Two hundred years ago, the state’s first constitution became the law of the land — marking a sharp turn from a New World nobility that had governed Connecticut since its founding.
The Constitution of 1818 severed official ties between the state and Congregational Church and expanded voting rights. It was not replaced until 1965, and the current version retains much of the original. Here are six things you should know on the bicentennial of this influential document.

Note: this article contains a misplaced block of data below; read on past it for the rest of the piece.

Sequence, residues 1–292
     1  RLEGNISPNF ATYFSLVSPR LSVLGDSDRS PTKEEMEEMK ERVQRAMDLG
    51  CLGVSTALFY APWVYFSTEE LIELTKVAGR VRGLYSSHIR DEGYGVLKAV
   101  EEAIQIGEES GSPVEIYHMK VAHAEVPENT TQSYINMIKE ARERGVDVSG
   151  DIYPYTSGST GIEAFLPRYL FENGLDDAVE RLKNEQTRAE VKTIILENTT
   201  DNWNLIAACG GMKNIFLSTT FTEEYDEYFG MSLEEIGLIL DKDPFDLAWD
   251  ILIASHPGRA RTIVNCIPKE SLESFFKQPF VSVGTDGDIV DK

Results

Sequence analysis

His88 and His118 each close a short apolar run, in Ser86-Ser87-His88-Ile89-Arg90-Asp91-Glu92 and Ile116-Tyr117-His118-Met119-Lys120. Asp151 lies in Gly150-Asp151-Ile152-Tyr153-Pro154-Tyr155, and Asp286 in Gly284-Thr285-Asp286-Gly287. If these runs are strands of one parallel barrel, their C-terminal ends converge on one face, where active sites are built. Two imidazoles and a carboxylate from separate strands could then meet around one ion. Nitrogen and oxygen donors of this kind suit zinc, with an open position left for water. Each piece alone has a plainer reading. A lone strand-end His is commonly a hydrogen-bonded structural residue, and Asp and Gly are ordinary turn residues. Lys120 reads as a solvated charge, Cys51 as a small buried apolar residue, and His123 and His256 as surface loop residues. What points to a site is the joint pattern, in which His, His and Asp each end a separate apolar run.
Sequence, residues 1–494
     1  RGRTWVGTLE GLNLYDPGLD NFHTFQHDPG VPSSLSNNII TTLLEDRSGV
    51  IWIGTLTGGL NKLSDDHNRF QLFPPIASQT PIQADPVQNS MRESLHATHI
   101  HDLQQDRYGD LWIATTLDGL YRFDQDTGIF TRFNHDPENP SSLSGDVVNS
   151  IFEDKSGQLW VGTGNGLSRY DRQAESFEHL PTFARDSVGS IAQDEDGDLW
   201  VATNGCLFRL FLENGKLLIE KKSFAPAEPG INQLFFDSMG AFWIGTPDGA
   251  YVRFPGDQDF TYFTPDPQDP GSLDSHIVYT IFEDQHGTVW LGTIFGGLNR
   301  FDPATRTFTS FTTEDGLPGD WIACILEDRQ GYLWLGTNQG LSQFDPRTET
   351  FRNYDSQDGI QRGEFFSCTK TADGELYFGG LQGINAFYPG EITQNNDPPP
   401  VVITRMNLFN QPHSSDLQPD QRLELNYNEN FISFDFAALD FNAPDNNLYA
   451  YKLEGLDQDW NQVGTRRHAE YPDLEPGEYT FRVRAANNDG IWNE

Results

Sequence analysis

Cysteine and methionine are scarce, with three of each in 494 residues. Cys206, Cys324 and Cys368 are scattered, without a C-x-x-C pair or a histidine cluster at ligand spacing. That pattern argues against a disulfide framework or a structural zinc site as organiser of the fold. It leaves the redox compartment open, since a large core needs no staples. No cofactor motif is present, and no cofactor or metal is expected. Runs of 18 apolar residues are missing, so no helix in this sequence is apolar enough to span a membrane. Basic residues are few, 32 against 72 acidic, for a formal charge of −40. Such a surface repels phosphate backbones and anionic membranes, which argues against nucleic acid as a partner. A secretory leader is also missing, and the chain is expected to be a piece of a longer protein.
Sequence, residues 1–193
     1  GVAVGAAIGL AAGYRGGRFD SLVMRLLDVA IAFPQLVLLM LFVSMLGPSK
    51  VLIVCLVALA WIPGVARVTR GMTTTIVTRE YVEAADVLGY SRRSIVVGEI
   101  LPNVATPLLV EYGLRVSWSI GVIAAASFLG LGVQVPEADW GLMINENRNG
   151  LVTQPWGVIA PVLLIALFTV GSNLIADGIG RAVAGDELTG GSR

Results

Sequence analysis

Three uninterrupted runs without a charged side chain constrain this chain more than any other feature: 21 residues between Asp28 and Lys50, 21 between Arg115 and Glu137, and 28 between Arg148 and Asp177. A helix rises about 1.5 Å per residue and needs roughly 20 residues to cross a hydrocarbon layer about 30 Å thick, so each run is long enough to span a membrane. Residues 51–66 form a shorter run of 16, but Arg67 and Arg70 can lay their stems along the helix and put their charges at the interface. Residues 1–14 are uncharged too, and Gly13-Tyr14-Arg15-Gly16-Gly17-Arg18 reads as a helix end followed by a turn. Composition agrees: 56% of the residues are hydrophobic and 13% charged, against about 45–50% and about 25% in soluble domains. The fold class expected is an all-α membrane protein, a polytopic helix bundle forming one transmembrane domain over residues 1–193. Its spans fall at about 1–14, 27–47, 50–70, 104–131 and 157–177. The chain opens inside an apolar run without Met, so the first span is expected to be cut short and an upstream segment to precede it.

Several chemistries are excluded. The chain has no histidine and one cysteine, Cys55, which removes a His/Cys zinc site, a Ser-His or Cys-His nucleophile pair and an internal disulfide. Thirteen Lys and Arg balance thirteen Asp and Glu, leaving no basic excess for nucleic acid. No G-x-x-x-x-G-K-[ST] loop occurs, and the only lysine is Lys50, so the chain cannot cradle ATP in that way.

Church and State — The Standing Order
“The state of Connecticut has always been governed by an aristocracy, more decisively than the empire of Great Britain is,” former President John Adams wrote in 1808....